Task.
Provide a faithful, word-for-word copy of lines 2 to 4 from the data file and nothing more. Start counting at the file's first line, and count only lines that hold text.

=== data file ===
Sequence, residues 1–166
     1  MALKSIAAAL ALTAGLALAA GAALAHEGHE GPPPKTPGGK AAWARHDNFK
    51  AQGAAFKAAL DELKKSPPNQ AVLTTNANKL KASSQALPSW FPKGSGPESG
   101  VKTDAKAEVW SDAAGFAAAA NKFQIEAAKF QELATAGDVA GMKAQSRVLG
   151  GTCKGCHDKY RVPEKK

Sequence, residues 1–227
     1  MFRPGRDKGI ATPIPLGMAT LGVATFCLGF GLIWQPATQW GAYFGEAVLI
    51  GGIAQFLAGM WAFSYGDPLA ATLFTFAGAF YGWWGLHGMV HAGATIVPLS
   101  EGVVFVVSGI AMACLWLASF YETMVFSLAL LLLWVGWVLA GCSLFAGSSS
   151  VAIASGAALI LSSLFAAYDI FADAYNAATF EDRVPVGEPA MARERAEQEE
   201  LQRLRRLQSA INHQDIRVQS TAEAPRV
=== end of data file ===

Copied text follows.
     1  MALKSIAAAL ALTAGLALAA GAALAHEGHE GPPPKTPGGK AAWARHDNFK
    51  AQGAAFKAAL DELKKSPPNQ AVLTTNANKL KASSQALPSW FPKGSGPESG
   101  VKTDAKAEVW SDAAGFAAAA NKFQIEAAKF QELATAGDVA GMKAQSRVLG